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What are the origins of humor and laughter?

  1. May 24, 2014 #1
    The more I think about this, the more mystified I become:

    What are the origins of humor and laughter?
    Why do we find anything funny at all?
    Who or what was the first thing to laugh on Earth and what did they find funny?
    Can evolution actually explain this strange behavioral phenomenon? What survival value could laughing your *** off possibly have?
  2. jcsd
  3. May 24, 2014 #2
    I think you may be oversimplifying the situation. Laughter is a part of socialization, which is self evidently a trait that has been selected for in human and animal evolution. Socialization allows for humans (and other animals) to protect themselves as well as share resources, skills etc. Laughter, I'm imagining, is likely a byproduct of the extreme form of socialization development by humans.

    You may also consider that sexual selection may have played a part. I can imagine the first stand up comic cave man having a good deal if luck with the ladies, if you know what I mean (thats only a half joke by the way).
  4. May 29, 2014 #3
    There are several types of humor. Freud concentrated on humor that involves forbidden topics. It is a sort of back door. Pinker thinks all humor is lese majestie, ridicule of authority figures. They are both right, but there is more to humor than that. Neither explains why "Why did the chicken cross the road? To get to the other side." is funny. To me, this falls into the category known as wit.

    I think that it has to do with what artificial intelligence researchers used to call "truth maintenance." It is necessary to keep false information out of your data base. The goal of wit is to get someone to accept some false info or jump to a wrong conclusion, then reveal it as false. The victim spits it back up, and that is laughter. Note how similar laughter is sneezing, coughing, and vomiting, similar things where something gets part way down and needs to be expelled. Also note how wit depends on novelty. The second time around the listener won't swallow the hook, so no expulsion, no laughter.

    An example of wit is "I was on a plane and they said the pilot had had a stroke! They asked if anyone was willing to fly the plane. I said I'd give it a try. Would you believe it, it took me two hours just to taxi to the runway."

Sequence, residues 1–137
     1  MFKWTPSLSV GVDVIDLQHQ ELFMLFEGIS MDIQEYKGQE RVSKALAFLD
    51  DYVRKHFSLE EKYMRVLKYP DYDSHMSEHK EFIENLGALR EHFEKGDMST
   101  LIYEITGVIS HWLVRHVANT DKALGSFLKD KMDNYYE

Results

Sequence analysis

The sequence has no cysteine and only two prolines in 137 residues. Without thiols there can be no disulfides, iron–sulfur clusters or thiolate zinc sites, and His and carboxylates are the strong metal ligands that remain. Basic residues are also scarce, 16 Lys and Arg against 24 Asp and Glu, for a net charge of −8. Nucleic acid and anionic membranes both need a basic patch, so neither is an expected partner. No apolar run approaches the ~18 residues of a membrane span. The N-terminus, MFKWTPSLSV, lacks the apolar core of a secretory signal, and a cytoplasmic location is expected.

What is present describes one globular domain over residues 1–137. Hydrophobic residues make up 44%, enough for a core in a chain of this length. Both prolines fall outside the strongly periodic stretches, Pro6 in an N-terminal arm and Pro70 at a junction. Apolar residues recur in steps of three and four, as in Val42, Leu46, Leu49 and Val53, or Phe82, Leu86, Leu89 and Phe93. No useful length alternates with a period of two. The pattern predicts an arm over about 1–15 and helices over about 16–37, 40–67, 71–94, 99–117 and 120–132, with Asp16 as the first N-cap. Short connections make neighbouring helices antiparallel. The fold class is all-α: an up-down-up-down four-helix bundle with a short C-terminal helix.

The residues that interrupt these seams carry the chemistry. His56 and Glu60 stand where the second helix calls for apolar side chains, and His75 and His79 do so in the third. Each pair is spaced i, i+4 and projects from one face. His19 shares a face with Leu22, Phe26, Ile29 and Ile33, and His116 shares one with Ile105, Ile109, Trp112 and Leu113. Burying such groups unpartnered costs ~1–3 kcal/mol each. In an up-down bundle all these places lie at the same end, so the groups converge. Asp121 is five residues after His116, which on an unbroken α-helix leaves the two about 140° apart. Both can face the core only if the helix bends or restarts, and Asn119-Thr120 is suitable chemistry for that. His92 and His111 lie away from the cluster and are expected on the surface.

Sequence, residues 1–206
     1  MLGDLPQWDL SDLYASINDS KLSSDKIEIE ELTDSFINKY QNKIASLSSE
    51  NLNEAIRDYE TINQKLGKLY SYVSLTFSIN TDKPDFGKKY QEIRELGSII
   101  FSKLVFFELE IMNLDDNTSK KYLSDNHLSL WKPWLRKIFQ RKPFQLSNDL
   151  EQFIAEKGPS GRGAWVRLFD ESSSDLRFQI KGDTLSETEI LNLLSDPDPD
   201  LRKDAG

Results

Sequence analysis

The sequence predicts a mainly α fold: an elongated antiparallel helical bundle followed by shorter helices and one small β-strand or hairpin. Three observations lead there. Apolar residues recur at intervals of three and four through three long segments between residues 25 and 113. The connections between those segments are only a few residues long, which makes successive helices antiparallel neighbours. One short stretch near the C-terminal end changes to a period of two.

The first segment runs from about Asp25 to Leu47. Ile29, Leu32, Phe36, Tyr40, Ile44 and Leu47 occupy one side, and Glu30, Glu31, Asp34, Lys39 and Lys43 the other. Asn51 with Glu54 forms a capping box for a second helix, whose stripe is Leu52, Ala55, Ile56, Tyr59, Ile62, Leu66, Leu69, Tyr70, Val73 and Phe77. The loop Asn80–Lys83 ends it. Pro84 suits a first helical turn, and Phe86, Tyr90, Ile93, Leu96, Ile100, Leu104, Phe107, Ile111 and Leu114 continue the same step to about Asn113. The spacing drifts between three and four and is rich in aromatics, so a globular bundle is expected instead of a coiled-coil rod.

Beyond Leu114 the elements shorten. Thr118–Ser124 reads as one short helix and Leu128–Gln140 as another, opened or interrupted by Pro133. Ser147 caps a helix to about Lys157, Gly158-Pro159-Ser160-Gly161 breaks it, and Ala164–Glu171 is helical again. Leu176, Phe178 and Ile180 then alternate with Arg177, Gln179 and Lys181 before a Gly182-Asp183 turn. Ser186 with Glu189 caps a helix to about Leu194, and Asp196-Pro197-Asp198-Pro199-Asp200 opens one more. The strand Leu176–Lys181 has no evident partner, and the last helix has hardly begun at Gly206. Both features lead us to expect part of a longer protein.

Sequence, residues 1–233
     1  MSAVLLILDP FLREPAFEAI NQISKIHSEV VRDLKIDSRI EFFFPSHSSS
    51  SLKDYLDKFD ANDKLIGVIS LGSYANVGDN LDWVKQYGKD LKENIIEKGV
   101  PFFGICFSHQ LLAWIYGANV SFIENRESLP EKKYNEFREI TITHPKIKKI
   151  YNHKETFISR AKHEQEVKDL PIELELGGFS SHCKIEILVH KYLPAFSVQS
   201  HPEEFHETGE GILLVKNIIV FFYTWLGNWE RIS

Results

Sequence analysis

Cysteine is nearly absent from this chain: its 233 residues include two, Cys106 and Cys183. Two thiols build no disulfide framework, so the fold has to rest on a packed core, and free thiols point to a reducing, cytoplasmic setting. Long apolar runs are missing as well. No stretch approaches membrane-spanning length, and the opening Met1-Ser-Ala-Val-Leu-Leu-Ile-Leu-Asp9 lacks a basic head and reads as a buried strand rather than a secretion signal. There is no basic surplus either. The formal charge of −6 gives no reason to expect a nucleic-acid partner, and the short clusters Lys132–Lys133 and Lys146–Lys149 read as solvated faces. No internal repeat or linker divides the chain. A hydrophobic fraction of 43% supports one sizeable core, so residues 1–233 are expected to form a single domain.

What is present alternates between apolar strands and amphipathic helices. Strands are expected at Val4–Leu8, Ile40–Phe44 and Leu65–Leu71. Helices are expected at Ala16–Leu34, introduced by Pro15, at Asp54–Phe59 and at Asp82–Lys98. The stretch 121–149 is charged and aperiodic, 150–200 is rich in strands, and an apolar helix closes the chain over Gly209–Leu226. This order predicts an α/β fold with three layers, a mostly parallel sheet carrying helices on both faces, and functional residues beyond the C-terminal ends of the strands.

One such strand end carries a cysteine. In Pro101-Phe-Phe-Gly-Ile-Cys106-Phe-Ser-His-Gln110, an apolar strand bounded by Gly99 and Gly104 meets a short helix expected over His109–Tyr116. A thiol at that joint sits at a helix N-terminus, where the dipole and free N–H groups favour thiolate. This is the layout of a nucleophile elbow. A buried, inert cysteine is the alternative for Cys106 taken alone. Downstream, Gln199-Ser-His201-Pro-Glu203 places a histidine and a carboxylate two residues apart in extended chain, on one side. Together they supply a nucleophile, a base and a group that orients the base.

Humor has survival value as an exercise of the truth maintenance function, sort of like play fighting. Like play fighting, the joke usually has a ritual introduction to make it clear that a joke is coming, to put the listeners on guard so they will not be embarrassed or angered by having been fooled without warning. "A priest, a cop, and an undertaker walk into a bar..."

    "Why did the chicken cross the road?" is a specialized form of wit I call metahumor. The listener expects an exercise of their truth maintenance system, but it doesn't happen. So the listener has been led to make a false assumption, but in an unexpected way. Here's another. "Werner Heisenberg, Kurt Gödel, and Noam Chomsky walk into a bar. Werner asks, 'Is this real or is it a joke?' Kurt replies, 'If it is a joke it is funny, but we can't tell from within a joke whether it is funny or not." Noam adds, "Of course its funny. You're just telling it wrong.'"
  5. May 29, 2014 #4
    The OP is interested in the biology and the evolution of laughter. Can everybody who posts please list proper and reputable references for their statements?
  6. May 31, 2014 #5
    I was just taking a guess and trying to guide further research/discussion. Here is something interesting I found in a 5min Google Scholar search using "laughter evolution" as search terms. It is only an abstract but may shed a bit of light to aid in further discussion/research.

    The Evolution and Functions of Laughter and Humor: A Synthetic Approach.

    The abstract kind of corroborates what I was saying with my guess. Laughter is not simply a trait in and of itself but is related to the phenomenon of socialization in animals.
  7. Jun 6, 2014 #6


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    If you back up a bit, you should ask yourself 2 questions "What laughs, and what is laughter", and "Is laughter a part of some greater behavior, inate or learned for humans, or other creatures?